Kellyanne Conway says she is ‘not Inspector Gadget’ or ‘in job of having evidence’ after microwave comments – The Independent
Kellyanne Conway said she was “not Inspector Gadget” or “in the job of having evidence” when quizzed on television about wiretapping claims.
In a bid to make light of her suggestion that Barack Obama could have spied on Donald Trump using a microwave, she referenced the 1980s cartoon character who had thousands of high-tech gadgets installed in his body.
“I’m not Inspector Gadget,” she told CNN. “I don’t believe people are using their microwave to spy on the Trump Campaign. However, I am not in the job of having evidence. That’s what investigations are for.”
She added that she “was making a comment about the articles from this past week where it is revealed that one can be surveilled through any number of techniques, through microwaves, through the cameras, through televisions.”
And she insisted that she “wasn’t talking about anything specifically.”
Mr Trump has claimed that Barack Obama had ordered wiretaps be placed in Trump Tower during the presidential election. He has not provided any evidence to back up his suggestion.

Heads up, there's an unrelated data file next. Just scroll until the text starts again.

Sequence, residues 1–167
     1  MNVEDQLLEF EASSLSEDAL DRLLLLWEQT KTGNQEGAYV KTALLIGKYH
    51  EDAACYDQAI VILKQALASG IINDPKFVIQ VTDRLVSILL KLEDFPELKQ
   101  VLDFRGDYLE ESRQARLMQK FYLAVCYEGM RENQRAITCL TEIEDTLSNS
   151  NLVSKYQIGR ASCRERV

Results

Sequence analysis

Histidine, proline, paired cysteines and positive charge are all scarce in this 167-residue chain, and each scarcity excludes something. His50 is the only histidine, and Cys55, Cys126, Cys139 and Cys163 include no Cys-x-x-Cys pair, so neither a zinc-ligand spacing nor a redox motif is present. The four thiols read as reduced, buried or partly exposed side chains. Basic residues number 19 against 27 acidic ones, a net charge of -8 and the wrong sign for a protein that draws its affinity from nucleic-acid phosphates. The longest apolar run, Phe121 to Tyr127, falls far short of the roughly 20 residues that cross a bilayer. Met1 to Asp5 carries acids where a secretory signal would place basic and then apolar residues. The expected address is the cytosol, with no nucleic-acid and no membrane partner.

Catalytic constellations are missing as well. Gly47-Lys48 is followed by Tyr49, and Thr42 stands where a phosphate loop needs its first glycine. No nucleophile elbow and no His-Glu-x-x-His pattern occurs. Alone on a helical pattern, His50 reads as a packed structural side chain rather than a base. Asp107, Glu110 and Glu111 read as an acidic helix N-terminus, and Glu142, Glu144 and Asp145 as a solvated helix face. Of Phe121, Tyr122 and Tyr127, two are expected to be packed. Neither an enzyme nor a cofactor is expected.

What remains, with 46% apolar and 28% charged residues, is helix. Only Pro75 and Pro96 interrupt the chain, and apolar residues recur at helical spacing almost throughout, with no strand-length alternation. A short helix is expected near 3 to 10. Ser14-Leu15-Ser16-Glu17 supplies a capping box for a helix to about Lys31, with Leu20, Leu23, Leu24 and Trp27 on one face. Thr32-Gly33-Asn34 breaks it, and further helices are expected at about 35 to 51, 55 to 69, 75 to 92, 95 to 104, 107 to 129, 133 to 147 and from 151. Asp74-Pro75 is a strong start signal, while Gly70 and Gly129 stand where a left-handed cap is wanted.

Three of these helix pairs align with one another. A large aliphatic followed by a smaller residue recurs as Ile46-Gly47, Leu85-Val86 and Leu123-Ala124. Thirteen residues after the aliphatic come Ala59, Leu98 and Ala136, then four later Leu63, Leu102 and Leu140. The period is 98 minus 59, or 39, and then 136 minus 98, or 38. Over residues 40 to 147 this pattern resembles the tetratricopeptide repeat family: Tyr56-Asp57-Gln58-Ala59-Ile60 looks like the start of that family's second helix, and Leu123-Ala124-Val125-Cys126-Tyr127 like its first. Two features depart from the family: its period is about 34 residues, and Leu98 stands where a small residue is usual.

Mr Obama’s spokesman has strenuously denied the claims and FBI director James Comey has privately urged the Justice Department to dispute Mr Trump’s claim, although has not come forward to do so himself.
In a separate interview with NBC News’s Today programme, Ms Conway said that there was “a lot of fakery going on” when asked about a Mr Trump U-turn on employment statistics.
But during Barack Obama’s eight-year tenure, the billionaire businessman called them “phoney”.
Pressed to explain why the statistics were now worth taking seriously, Ms Conway said: “There is a lot of fakery going on for people who were promised something that never came to be.”
She added that healthcare was “the best example of that”, which is why it was Mr Trump’s “first major legislative priority”.
Her comments followed those from White House press secretary Sean Spicer, who last week said the employment statistics have been “phoney” but the new ones are “very real”.